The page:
Can subjective symptoms predict objective findings in gastroesophageal reflux disease patients?
Steven G. Leeds M.D.
Rasmussen, M., Leeds, S. G., Ward, M. A., Sanchez, C., Chin, K., Hansen, L. and Ogola, G. O. (2022). “Can subjective symptoms predict objective findings in gastroesophageal reflux disease patients?” Surg Endosc.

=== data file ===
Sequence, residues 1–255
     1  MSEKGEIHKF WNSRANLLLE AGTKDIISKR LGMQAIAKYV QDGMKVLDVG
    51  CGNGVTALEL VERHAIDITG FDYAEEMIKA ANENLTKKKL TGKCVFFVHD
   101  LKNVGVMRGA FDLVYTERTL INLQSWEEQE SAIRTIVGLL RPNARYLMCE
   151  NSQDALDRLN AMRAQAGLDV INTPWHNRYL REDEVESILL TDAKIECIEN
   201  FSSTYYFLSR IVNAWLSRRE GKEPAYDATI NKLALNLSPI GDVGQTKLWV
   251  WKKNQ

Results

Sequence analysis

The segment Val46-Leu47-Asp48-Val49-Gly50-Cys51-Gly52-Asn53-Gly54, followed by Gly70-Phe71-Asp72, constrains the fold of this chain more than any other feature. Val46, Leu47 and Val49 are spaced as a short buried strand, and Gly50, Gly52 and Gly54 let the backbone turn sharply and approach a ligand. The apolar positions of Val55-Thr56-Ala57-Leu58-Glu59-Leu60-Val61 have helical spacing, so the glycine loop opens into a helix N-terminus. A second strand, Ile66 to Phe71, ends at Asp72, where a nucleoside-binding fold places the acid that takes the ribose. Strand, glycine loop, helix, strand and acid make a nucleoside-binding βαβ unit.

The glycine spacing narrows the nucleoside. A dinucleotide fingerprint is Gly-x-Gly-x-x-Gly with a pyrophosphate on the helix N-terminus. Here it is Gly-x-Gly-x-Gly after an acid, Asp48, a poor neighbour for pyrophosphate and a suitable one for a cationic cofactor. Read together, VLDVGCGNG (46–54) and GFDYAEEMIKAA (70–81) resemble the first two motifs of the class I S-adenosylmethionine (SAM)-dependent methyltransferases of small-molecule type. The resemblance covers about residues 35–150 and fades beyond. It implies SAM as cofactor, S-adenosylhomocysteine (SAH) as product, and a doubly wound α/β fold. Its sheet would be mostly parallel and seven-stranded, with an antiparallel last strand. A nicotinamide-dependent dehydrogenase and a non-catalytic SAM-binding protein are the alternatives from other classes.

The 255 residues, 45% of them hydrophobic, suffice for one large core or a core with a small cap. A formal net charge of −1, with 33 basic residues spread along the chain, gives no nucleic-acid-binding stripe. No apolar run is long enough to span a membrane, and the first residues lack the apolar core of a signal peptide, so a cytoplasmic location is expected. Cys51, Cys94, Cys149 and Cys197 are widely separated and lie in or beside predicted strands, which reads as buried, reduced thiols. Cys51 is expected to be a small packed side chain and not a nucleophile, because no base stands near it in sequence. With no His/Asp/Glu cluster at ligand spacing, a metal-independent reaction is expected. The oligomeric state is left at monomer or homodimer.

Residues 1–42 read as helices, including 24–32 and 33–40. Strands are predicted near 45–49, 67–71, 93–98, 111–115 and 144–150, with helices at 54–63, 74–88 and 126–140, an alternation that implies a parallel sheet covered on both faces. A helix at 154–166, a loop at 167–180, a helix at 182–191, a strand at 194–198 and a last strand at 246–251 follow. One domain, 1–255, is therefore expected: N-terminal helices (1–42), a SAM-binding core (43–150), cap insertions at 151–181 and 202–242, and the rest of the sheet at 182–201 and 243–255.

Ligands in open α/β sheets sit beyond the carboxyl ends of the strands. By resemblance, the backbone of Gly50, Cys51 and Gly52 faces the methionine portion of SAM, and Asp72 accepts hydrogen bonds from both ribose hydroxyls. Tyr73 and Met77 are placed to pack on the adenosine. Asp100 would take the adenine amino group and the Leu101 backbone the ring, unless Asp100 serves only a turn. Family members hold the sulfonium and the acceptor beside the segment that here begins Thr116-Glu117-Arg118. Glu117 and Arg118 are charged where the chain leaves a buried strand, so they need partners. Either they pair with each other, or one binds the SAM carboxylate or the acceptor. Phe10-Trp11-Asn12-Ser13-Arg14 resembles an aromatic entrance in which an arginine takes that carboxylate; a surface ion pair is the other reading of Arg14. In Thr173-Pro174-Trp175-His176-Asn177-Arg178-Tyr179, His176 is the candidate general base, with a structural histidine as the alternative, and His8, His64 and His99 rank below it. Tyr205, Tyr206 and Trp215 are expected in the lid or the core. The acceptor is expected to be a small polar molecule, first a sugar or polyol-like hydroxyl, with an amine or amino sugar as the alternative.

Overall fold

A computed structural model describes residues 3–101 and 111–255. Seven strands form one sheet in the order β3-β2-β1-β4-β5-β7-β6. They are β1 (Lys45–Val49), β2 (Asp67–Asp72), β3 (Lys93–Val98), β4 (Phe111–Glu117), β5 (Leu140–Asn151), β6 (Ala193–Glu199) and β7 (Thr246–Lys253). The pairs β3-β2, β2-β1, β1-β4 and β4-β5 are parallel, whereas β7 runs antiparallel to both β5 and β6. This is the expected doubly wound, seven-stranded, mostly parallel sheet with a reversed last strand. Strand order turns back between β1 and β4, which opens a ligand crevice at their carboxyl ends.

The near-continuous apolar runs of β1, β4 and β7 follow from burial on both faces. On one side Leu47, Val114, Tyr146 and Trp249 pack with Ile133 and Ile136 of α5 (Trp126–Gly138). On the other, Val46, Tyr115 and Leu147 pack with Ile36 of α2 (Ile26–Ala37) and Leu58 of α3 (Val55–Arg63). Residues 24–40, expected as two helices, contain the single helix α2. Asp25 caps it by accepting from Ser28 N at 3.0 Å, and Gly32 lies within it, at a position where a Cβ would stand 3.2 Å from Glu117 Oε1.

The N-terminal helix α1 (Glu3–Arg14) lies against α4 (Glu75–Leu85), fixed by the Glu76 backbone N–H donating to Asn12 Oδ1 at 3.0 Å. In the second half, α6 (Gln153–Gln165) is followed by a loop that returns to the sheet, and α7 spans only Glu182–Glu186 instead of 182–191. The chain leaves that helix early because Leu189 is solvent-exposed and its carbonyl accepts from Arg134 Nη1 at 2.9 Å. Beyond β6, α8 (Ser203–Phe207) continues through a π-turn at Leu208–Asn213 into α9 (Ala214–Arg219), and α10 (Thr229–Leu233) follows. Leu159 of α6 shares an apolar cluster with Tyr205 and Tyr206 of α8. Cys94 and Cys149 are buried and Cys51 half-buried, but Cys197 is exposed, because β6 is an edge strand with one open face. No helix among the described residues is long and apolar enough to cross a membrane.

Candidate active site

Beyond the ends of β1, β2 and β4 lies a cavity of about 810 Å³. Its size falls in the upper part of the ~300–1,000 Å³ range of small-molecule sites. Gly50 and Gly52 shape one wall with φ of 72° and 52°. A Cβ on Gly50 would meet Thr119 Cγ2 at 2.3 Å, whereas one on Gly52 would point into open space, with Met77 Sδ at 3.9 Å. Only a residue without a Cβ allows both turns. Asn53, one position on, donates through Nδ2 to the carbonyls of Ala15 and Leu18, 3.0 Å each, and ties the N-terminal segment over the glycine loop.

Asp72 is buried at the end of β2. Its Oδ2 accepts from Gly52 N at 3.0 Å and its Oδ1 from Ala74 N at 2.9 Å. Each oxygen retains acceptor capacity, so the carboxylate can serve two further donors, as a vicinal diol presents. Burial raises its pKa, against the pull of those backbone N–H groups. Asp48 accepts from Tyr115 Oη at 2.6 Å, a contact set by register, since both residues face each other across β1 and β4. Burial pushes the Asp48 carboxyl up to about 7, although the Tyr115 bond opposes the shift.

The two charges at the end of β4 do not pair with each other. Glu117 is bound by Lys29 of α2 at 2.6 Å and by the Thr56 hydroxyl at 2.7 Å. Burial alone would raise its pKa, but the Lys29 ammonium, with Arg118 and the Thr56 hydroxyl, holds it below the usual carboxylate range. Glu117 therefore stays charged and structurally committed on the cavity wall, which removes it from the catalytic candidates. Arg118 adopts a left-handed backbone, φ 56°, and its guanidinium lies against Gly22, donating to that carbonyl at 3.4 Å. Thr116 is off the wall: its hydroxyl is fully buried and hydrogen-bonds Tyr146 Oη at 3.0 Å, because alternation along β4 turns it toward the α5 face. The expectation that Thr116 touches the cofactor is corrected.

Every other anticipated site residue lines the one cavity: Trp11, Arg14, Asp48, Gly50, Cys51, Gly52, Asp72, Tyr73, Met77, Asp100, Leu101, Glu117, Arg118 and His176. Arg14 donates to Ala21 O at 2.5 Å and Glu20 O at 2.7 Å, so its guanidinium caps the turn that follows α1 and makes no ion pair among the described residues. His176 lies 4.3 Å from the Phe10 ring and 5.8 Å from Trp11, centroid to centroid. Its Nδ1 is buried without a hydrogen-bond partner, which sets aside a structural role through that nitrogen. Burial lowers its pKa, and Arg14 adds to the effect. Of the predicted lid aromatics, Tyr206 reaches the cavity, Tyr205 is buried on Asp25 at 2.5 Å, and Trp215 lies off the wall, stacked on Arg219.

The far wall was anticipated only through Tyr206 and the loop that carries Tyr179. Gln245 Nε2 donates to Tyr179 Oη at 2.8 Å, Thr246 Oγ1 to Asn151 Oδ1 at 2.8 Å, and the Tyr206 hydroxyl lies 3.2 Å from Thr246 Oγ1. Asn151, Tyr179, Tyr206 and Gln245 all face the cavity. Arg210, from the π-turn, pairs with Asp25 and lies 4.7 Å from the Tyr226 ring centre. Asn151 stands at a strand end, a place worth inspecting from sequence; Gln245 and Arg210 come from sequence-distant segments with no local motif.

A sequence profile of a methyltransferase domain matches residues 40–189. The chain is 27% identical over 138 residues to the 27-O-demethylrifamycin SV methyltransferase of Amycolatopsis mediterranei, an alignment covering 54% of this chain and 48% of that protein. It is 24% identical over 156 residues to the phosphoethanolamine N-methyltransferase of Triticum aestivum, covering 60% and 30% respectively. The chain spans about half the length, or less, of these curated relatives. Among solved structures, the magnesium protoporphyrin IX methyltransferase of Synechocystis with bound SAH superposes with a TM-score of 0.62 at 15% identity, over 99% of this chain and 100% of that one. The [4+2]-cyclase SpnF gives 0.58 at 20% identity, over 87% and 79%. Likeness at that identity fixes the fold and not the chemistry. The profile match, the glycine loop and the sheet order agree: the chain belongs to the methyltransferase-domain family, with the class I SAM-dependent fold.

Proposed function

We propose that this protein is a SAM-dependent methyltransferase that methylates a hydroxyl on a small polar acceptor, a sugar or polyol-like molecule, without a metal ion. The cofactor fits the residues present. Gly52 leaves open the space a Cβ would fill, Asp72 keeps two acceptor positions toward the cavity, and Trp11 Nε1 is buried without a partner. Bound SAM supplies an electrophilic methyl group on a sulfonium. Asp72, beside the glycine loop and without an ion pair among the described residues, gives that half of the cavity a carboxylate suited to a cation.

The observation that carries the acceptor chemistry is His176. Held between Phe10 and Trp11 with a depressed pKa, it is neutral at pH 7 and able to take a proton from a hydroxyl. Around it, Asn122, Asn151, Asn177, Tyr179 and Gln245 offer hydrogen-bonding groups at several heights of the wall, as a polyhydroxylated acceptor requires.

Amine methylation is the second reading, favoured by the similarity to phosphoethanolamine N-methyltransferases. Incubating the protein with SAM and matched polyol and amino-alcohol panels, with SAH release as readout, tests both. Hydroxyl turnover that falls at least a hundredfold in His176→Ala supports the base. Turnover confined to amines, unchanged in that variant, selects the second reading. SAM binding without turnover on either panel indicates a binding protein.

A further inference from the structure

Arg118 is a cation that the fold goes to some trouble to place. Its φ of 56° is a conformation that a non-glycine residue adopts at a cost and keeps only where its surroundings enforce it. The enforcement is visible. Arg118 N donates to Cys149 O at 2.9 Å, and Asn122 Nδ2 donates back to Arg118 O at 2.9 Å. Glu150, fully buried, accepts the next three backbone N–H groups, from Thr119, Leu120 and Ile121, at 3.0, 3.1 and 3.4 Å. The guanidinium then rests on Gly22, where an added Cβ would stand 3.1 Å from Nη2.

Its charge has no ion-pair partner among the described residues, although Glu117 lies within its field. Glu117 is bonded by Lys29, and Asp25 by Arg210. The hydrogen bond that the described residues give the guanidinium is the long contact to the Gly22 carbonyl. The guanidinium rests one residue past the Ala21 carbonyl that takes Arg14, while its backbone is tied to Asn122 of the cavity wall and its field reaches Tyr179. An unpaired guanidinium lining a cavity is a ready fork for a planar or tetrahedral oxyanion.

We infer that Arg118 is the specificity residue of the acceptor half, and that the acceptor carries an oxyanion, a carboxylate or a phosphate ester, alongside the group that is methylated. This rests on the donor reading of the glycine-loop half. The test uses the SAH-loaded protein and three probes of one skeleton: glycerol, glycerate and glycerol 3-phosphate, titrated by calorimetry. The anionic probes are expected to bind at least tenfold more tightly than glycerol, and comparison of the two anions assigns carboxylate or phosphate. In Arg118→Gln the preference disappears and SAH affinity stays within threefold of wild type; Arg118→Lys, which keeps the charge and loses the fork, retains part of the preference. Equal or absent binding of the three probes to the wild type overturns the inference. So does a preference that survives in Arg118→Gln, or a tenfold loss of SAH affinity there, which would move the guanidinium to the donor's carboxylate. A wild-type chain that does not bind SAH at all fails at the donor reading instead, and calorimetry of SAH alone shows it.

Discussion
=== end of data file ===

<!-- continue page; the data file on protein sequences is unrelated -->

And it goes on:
INTRODUCTION: Medical therapy is the first-line treatment for gastroesophageal reflux disease, but surgical options are available and shown to be effective when medical management fails. There is no consensus for when a surgical evaluation is indicated. We set out to determine if the GERD-HRQL questionnaire scores correlate to objective findings found in patients undergoing anti-reflux surgery to predict when surgical consultation could be warranted. METHODS: A prospectively gathered database was used for patients undergoing anti-reflux surgery from January 2014 to September 2020. Inclusion criteria required a diagnosis of GERD and comprehensive esophageal workup with the GERD-HRQL questionnaire, EGD, esophageal manometry, and ambulatory pH monitoring. Analysis of the GERD-HRQL scores was compared to objective endpoints to see correlation and predictability. Logistic regression analysis was used to assess relationship between the presence of objective findings and GERD-HRQL questionnaire scores. RESULTS: There were 246 patients meeting inclusion criteria. There was no significant correlation between GERD-HRQL score and DeMeester score (correlation coefficient = 0.23), or presence of a hiatal hernia, regardless of size (p = 0.89). Patients with esophagitis had significantly higher average GERD-HRQL scores compared to those without esophagitis (40.1 ± 18.9 vs 30.4 ± 19.1, p < 0.0001). Patients with a score of 40 or greater had a 42% to 65% probability of having esophagitis versus a score of 30 or less, lowering the chances of having esophagitis to less than 35%. CONCLUSION: Usage of a GERD-HRQL questionnaire score can potentially show the correlation between subjective and objective findings in the workup of a patient for anti-reflux surgery. Specifically, patients with a GERD-HRQL score of 40 or greater have an increased probability of esophagitis compared to those with a score of 30 or less. Using these scores can help referring clinicians identify those patients failing medical therapy and allow for prompt referral for surgical evaluation.